The effort has broad ramifications for encouraging healthy lifestyle choices across the region, said Paul Makoski, environmentalhealth manager for the Calhoun County Health Department.
“A lot of groups working with food-accessibility, nutrition and healthy lifestyles issues have come together to try to resolve these health issues in a positive fashion,” Makoski said.
“We’re trying to do whatever we can to take care of some of these really poor health indicators, and we’re not going to move those unless we do something,” he said.
One way is to improve people’s access to fresh food in their communities, he said.
That isn’t easy when the nearest food source is a convenience store that doesn’t stock a full range of fresh produce, and larger markets are so distant that low-income people must spend their food dollars on gasoline instead — if they even own a vehicle.
An Economic Research Service map prepared in conjunction with the U.S. Department of Agriculture shows five census tracts in which thousands of Battle Creek residents likely find it difficult to find easily accessible food without spending additional money in travel costs.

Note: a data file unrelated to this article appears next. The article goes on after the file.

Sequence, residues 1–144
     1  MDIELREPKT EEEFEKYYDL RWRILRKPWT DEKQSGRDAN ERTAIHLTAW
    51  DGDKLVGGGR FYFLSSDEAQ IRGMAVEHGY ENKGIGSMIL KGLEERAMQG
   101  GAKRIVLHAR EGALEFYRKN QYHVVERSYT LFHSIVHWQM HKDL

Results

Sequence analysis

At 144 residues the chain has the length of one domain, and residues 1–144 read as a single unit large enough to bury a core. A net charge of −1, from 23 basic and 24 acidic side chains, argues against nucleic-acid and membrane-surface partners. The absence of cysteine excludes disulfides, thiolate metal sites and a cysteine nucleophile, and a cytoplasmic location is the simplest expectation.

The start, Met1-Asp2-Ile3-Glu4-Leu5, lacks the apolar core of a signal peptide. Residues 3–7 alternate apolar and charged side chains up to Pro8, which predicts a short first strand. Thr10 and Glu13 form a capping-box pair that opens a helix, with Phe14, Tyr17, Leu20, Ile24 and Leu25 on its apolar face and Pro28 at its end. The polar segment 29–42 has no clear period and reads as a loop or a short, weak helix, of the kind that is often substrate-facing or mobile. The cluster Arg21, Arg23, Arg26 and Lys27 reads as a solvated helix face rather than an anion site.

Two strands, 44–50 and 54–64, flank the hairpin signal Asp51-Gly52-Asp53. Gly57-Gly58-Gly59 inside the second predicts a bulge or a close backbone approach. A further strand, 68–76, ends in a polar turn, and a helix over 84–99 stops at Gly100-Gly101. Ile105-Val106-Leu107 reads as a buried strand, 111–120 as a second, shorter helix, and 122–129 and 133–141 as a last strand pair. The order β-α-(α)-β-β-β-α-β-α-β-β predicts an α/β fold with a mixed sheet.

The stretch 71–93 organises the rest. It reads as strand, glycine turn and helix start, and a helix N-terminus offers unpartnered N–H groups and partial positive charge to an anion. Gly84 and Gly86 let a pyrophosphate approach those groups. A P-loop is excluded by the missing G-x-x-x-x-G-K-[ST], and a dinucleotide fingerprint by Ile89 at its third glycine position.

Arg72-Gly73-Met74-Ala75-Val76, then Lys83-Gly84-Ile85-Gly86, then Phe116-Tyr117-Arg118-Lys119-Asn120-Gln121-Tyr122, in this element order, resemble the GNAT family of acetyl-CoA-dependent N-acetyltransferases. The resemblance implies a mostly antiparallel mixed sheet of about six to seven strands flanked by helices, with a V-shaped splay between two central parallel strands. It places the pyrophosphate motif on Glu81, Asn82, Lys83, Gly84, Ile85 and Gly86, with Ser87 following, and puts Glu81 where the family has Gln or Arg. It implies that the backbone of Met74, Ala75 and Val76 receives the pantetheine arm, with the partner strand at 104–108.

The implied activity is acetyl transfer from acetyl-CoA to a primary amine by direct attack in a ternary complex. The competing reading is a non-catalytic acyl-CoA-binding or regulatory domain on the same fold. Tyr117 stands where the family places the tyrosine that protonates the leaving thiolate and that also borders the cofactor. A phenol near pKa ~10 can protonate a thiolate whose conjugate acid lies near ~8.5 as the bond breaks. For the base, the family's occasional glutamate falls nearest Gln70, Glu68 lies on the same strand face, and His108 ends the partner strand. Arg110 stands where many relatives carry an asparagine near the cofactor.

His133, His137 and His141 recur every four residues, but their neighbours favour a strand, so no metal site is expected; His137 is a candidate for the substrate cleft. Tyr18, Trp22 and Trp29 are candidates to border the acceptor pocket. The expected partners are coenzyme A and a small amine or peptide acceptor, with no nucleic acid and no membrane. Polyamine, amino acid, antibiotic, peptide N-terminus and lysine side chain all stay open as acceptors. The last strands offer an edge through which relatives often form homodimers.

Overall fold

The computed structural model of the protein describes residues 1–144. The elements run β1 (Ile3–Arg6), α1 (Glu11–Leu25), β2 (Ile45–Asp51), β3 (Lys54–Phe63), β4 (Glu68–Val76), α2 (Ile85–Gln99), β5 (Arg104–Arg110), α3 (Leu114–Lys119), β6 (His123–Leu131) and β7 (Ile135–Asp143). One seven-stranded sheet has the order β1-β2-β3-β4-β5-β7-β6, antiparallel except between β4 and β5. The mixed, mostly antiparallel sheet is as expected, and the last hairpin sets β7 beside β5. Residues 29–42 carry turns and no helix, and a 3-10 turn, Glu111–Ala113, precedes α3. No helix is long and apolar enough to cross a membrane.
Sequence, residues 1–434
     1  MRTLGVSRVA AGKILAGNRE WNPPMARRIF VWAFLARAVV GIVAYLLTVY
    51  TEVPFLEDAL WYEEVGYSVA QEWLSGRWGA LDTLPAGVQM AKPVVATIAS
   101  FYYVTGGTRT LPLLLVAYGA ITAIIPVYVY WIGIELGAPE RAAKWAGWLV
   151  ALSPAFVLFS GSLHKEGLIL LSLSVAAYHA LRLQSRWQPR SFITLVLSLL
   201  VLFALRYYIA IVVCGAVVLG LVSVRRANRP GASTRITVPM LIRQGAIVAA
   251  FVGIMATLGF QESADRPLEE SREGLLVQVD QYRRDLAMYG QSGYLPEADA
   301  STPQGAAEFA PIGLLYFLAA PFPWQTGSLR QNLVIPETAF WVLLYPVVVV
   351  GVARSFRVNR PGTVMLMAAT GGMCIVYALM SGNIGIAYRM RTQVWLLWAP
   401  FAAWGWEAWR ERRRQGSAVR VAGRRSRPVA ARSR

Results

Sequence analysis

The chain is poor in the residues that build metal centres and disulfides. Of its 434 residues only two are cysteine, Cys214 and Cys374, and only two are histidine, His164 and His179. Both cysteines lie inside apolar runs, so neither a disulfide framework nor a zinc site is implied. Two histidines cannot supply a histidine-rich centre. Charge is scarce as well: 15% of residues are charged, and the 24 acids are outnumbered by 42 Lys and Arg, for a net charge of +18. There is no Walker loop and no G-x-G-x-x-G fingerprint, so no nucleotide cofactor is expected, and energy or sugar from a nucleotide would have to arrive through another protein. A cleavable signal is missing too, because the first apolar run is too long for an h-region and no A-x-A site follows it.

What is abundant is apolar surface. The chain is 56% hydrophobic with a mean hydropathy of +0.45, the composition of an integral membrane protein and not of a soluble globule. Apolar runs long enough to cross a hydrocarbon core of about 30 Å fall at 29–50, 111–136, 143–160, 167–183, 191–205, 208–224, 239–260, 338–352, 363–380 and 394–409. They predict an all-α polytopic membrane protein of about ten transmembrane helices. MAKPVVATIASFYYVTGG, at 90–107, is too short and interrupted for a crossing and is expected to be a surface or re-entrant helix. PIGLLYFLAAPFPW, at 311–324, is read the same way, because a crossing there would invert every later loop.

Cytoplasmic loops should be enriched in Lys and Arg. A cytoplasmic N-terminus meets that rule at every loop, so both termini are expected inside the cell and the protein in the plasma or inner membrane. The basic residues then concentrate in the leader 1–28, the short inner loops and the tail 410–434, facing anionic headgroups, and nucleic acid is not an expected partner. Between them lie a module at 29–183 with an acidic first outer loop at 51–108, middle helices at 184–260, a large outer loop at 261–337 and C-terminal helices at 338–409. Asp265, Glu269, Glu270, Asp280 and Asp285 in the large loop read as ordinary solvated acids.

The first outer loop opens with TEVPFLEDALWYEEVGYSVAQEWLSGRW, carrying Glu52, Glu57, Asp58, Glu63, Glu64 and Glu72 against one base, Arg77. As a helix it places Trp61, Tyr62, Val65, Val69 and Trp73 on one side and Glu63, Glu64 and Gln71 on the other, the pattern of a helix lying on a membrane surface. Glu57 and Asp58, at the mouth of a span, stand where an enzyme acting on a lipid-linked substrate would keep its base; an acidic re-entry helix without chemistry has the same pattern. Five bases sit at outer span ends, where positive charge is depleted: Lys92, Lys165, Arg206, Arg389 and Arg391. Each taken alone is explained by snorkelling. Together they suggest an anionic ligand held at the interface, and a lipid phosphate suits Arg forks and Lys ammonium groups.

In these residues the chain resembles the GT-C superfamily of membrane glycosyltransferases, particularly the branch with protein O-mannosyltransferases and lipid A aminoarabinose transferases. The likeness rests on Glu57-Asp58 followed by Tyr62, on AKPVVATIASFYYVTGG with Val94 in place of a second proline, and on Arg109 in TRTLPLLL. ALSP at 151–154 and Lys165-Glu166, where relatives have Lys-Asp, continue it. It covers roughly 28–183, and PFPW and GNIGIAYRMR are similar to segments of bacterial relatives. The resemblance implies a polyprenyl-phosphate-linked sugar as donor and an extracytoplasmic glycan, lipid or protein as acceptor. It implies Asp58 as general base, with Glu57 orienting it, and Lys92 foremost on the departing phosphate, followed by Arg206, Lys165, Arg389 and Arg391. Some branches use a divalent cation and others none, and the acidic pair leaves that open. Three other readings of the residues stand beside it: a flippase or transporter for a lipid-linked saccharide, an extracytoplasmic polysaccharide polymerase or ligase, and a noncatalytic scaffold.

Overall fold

The USDA defines a “food desert” as an area whose residents must travel at least one mile to locate an adequately stocked grocery store, not simply a corner convenience store.
The USDA’s map of food deserts doesn’t include Battle Creek’s central business district, a fact that Sprout Urban Farms director Jeremy Andrews says doesn’t give a true picture of the issue facing downtown residents.
“Our whole city is pretty much a food desert,” Andrews said, saying that the downtown area is a strategic location that lacks direct, easy access to fresh food.
“Yes, Horrock’s is downtown, but you have to go over railroad tracks and deal with a lot of traffic to get there,” he said. “One thing we are missing to make downtown more livable, more walkable, is a grocery.”